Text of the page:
Mamiya 80mm macro w/ extension
f8, 1/10 second
There's a very simple rule for nature photographers: get up early in the morning. First light and sunrise produces a lot of conditions that you'll not only find at no other times, they actually denote "morning" in your images. Add in the stillness of the breeze most times, the clarity of the sky before the airlines get active, the activity of the birds, the sluggishness of the insects, the activity of late nocturnal animals... I could keep going, but basically take my word for it and get out before sunrise.
Here the dewdrops that somehow form on the edges of the grape leaves caught the morning sun as it broke through a gap in the nearby trees, producing starbursts that counterpoint the rich backlit green of the leaves — and, if you look close, acted as fisheye lenses of the immediate surroundings, too.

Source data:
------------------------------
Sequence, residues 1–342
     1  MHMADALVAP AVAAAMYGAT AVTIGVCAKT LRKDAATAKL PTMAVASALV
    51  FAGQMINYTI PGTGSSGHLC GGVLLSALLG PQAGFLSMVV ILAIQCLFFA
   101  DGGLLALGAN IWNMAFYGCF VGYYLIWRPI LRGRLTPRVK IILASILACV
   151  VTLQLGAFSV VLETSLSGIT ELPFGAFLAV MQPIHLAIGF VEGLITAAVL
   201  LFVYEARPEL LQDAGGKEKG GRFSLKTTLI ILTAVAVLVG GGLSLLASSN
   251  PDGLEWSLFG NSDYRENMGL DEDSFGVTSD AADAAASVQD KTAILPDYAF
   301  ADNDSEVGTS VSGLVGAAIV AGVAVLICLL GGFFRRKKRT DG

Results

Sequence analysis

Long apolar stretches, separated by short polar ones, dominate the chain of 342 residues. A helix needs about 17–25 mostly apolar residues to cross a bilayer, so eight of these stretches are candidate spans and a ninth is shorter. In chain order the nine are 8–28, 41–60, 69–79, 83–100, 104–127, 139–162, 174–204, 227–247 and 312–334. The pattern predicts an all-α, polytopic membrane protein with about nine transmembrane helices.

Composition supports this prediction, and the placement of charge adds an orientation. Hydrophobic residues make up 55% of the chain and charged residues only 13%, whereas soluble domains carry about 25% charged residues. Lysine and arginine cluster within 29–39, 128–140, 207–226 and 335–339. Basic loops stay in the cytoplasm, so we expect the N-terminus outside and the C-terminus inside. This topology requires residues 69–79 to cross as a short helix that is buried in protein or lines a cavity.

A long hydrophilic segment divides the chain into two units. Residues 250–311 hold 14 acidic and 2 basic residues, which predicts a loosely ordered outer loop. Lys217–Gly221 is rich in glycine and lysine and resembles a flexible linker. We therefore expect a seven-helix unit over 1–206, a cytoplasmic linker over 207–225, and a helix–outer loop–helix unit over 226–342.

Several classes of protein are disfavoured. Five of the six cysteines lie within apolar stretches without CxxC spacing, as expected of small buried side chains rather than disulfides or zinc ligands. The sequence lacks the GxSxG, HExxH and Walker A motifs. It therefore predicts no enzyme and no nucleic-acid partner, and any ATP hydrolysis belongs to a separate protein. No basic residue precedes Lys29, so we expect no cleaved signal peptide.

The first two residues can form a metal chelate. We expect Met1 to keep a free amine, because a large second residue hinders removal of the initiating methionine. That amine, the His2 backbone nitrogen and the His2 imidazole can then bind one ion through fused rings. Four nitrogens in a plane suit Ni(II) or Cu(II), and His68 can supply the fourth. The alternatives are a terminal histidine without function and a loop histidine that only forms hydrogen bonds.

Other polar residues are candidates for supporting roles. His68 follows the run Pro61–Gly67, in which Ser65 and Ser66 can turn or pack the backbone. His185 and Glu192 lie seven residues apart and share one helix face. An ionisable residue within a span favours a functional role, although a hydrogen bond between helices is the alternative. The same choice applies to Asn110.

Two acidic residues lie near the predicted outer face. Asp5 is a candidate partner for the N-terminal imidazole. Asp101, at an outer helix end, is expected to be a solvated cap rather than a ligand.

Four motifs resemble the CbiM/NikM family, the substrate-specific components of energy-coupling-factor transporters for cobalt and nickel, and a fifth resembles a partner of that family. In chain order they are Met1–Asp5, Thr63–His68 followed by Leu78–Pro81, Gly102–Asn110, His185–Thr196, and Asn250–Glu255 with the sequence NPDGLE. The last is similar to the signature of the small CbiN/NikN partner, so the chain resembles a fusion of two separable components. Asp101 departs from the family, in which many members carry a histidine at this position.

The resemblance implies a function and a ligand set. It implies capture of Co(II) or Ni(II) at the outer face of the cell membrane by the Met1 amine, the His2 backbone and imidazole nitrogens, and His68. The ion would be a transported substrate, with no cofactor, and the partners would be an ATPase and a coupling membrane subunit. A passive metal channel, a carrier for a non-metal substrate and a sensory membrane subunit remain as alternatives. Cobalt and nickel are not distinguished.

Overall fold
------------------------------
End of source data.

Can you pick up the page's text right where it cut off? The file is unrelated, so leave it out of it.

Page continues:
Many people don't realize how fast the sun moves across the sky (yes, I know it's really the earth turning, but leave me the poetic license.) This view lasted less than two minutes and didn't return, and it appears entirely differently when you have to rely on a flash to provide the light. This is the same leaf, a little earlier before the sun broke through — you can just make out the tiny spiderweb in both images, at the upper right.